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"I laid it down" is a crock
(More charitably, it is an excuse.)

By: James R. Davis

I recently had a message posted on my board from a long-time rider which said the following:

I laid it down one time on purpose.
I was entering a green light intersection about 30mph when I saw what turned out to be a drunk driver entering on my right intending to run his red light.
I ran thru 3 options in my head:
1) If I keep going he will T-bone me;
2) If I try and stop I will T-bone him;
3) Lay it down and hit him with both of my wheels and the whole bike between me and his car.

I took Option 3, destroyed my helmet on his A-pillar, destroyed his left front fender/wheel/ door, landed on my tailbone after flying over his car. Bottom line: totaled Harley, totaled Plymouth, totaled Bell helmet, cracked tailbone, opened up head, 10 days on a board in the hospital.
I never ride without a helmet now.

His 'logic' was reasonable, though badly flawed, but worse by far it sounded like a recommendation to others to consider doing the same thing. On balance, it was a crock of ...

This is the kind of story that a newbie must learn to filter and dismiss instead of believing. It is especially difficult for them given the 'story' includes a rational and obvious bit of good advice (to always wear a helmet).

His 'option 2' was the ONLY viable and certainly the safest choice he could have made. If you are going to crash you want to do it at the slowest possible speed and that happens only if you use an emergency braking maneuver. By 'maneuver' I mean that you squeeze the front brake hard, then harder, then harder still without locking up the brake, and by using the rear brake modestly and then with less and less pressure so that it, too, does not lock up. And it means that you keep your head and eyes pointing straight ahead, the bike pointing straight ahead, and you lean forward to lower the bike's center of gravity.

Let's look at the whole idea of 'laying it down'. Do you wonder where a person learns how to lay a bike down on purpose? I mean, I have never heard of a class, certainly not an MSF class, that teaches a rider how to do that. Yet, it seems, this rider knew just how to do it in an emergency situation. Isn't that fantastic?

Let's suppose that you really did want to lay down a bike while it's moving at highway speeds. Which control would you use? There is no 'lay down' button on your motorcycle so it must be one or more of the other controls. Since this rider wants to end up with his wheels hitting the car ahead of him, my guess is that the bike has to be made to turn 90 degrees from its direction of travel. The only controls that you have to change direction are the handlebar itself. And, at highway speeds, you have no choice but to use counter-steering. So, it must be that you use counter-steering to lay a bike down. But my experience has taught me that when you change direction you actually move in a different direction. If this rider merely pressed forward hard on, say, his left grip, then his motorcycle would have moved dramatically to the right, not just swiveled in place within his lane of traffic and switched the front end of the bike from pointing dead ahead to pointing directly to the left.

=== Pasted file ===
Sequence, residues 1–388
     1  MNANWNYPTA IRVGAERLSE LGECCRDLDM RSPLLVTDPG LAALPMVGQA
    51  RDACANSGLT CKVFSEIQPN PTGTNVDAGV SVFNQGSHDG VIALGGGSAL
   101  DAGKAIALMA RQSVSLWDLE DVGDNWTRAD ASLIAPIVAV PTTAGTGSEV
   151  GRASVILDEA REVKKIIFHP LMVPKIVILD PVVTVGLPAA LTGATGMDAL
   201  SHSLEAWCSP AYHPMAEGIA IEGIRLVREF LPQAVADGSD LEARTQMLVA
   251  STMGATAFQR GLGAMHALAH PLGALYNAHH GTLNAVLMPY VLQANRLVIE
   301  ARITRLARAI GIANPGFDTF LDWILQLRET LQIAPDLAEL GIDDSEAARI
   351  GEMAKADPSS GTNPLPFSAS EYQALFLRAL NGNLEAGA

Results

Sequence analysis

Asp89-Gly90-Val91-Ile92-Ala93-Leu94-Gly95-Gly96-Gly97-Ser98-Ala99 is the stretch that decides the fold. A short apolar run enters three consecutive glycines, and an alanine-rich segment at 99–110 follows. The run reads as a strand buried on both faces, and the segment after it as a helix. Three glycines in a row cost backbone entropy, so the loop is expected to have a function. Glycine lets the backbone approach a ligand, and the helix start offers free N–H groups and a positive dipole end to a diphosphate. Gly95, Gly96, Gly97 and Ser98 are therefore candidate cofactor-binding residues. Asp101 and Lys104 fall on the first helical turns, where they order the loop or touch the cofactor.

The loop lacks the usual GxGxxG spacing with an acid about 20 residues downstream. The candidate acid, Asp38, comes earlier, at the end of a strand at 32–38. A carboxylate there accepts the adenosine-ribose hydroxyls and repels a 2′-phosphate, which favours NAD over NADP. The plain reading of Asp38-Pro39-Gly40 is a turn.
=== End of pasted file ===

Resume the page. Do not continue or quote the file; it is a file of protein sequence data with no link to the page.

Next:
But if the bike actually moved away from the track he was riding in, and aggressively so, then wouldn't that actually be a panic swerve? And if a panic swerve COULD be performed such that you would miss the collision altogether, why wouldn't you simply do that instead of going further and ending up on the ground?

The fact is that if you could use a panic swerve to avoid an accident you would do so instead of 'laying it down'. This rider already claimed that that was not an option because it was not listed.

In order to end up on the ground your tires have to lose traction. That happens, as you know, if you overuse your brakes. Skid marks are clear indicators when that happens. And the brake that is easiest to overuse is attached to the rear wheel. Its at least a coincidence that when you skid the rear tire your bike's rear end tends to yaw to one side or the other, particularly if you are also using the front brake. And the result can easily be that the rear tire, not the front one, is what slides out from under you while you tend to stay in the same lane you were traveling in at the time. Surely it is more likely that in order to 'lay a bike down' you use the rear brake instead of counter-steering.

But if you skid your tires you no longer are getting maximum stopping power from your brakes. Instead, you have reduced your rate of deceleration by about 25% from what it was just prior to the start of the skid.

Now I don't know about you but if I had my preferences I would want to be slowing as quickly as possible when faced with a crash and that means I would not want my tires to skid at all.

But what if you could increase your rate of deceleration by sliding on the side of your motorcycle instead of on its tires? Well, the problem with that is that steel (and plastic) have less friction when scrubbing against asphalt than does the rubber of its tires. So that a sliding motorcycle which is on its side instead of on its tires will slow even less quickly than if you simply skid your tires.

You know what I'm saying ... 'laying down' a motorcycle is NOT a deliberate event on the street. Instead, it is an after-the-event explanation, an excuse, of what happened which is designed to save face. In short, it is BS.

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(James R. Davis is a recognized expert witness in the fields of Motorcycle Safety/Dynamics.)

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